As a biopsy takes tiny sample cores from the prostate, it is possible that the needle may miss the cancer. The greater the number of samples taken, the more likelihood of detecting cancer. Greater sampling, however, can lead to increased risk of complications. New techniques (see Fusion Guided Biopsy below) mean that better accuracy is now possible.








Template (or Perineal) Biopsy

Because a standard biopsy may miss finding smaller cancers, there is a growing shift towards using a template biopsy, a more precise test which can sample the whole prostate. This can be done when suspicions are high or if a TRUS biopsy result is inconclusive. Many urologists now prefer to recommend this method for patients with high/intermediate risk. The procedure is performed under either a general or local anaesthetic and may require an overnight stay in hospital. A grid will be placed over the perineal area (between the anus and scrotum) through which many more needles can be inserted to take samples (up to 60). As well as being more accurate, a template biopsy is considered safer, as there is less risk of infection from untreatable bacteria compared to a standard TRUS biopsy.

Fusion Guided Biopsy

Recently, new software has been devised that ‘fuses’ the MRI images with the real-time ultrasound probe. The MRI images are overlaid onto the ultrasound image which enables the urologist doing the procedure to pinpoint the suspicious areas with much greater accuracy. It can lead to fewer samples being taken and, for those who may need further biopsies, fewer occasions where a repeat biopsy may be needed. Fusion Guided Biopsy may not be available at all hospitals.

Isotope Bone Scan

This test is to show whether the disease has spread to the bones. A small amount of low-dose radioactive material is injected into the arm about three hours before the scan. The scan takes about 45 minutes, and images of any bones showing the disease will appear on the scan. A bone scan will not usually be done unless the PSA score is greater than 10 and MRI and biopsy samples indicate a high-grade cancer. It is offered when hormone treatment is part of a Watchful Waiting programme for people who are at high risk of developing bone complications. It is painless and quite harmless.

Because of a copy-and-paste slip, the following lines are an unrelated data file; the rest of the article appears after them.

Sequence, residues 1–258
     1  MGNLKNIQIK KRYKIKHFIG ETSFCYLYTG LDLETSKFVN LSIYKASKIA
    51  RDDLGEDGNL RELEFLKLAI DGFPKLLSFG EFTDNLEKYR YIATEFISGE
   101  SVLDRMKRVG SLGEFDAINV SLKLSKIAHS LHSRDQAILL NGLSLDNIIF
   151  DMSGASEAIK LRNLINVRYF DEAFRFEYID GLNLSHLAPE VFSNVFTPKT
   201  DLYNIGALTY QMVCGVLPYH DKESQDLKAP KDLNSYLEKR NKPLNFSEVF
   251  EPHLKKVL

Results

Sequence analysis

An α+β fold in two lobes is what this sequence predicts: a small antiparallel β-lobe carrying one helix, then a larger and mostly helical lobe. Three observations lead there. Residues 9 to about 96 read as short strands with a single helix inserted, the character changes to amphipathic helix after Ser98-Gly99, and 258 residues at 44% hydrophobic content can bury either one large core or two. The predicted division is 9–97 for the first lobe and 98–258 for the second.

PET Scan

A PET scan (Positron Emission Tomography) is taken to produce a detailed, three-dimensional picture of the inside of the body. Choline PET-CT scans have been shown to be effective for prostate cancer, especially for determining whether there is any spread outside the prostate. Before the scan takes place, a radioactive substance (choline), known as a radiotracer, is passed into your body by injection, by an inhaler, or a small tablet that you swallow. In future, choline PET scans may be replaced by PSMA (Prostate Specific Membrane Antigen) PET scans.

Recent advances in MRI scanning techniques and the introduction
of advanced software has led to greater accuracy in identifying the
position of any tumour and its potential aggressiveness.